ALBANY, N.Y. (NEWS10) - Senate Republicans were joined at the Capitol by a bi-partisan group of district attorneys, members of law enforcement and crime victims’ families. They were there to voice their concerns over proposed criminal justice reforms- namely "cashless bail". It's one issue in bills that are among top items for the Democrat-controlled Assembly and Senate.
"When it comes to bail, no District Attorney I know believes that anyone should sit in jail awaiting trial solely because they lack the financial resources." But, Schenectady County District Attorney Robert Carney added: "bail reform must be sensible and not tie judges hands in ways that jeopardize public safety."
And he says he fears that's what might happen in New York.
Carney says other states that made reforms chose to add "risk assessment tools" where judges can measure a defendant’s potential danger or could have them monitored and tracked after they make bail. But the DA says the New York proposal lacks both of these.
Another big concern brought up today, possible witness intimidation. One of the proposed measures would require all evidence to be turned over to defendants within 15 days, including the names and addresses of witnesses.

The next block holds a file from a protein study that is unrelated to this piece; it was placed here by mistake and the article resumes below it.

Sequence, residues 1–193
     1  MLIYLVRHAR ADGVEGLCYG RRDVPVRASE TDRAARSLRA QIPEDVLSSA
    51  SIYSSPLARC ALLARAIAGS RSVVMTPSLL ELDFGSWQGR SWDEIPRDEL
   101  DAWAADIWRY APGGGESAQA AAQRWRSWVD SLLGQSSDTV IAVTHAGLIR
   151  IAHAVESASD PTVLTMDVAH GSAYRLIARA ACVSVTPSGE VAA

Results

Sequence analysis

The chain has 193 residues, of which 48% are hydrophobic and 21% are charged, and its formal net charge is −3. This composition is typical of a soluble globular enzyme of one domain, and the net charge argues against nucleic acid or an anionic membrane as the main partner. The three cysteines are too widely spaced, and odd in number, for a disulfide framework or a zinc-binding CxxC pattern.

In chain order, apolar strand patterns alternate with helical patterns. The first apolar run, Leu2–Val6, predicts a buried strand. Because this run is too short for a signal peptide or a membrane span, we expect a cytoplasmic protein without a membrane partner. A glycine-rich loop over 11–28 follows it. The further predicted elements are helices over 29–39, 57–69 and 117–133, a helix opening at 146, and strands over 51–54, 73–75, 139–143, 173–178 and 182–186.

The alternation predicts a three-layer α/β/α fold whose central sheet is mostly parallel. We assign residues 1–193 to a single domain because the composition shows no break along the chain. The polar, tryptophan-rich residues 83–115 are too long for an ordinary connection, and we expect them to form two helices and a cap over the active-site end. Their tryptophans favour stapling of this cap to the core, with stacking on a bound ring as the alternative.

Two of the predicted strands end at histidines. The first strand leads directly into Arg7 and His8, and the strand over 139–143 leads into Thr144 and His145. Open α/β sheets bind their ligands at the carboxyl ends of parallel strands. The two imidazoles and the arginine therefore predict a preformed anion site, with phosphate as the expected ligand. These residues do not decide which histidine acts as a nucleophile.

Prominent criminal defense attorney Tucker Stanclift says in those cases DA’s could apply for protective orders on behalf of witnesses or confidential informants.
“But we shouldn’t be hiding evidence from the majority of defendants who go through the system on cases where threats of violence are not relevant to that type of defendant or that type of case,” said Stanclift.
Michael and Regina Stewart, who also spoke during today's press conference in Albany say one other group is being under-represented, and that's crime victims' families.
They held up urns containing their son Christopher’s ashes. In 2012 he was one of two local teens killed by a drunk driver. Michael asked that people consider what is truly fair when a defendant causes irreparable damage. He said, "Let's just remember that those people chose their actions. And those actions lead them in front of the judge."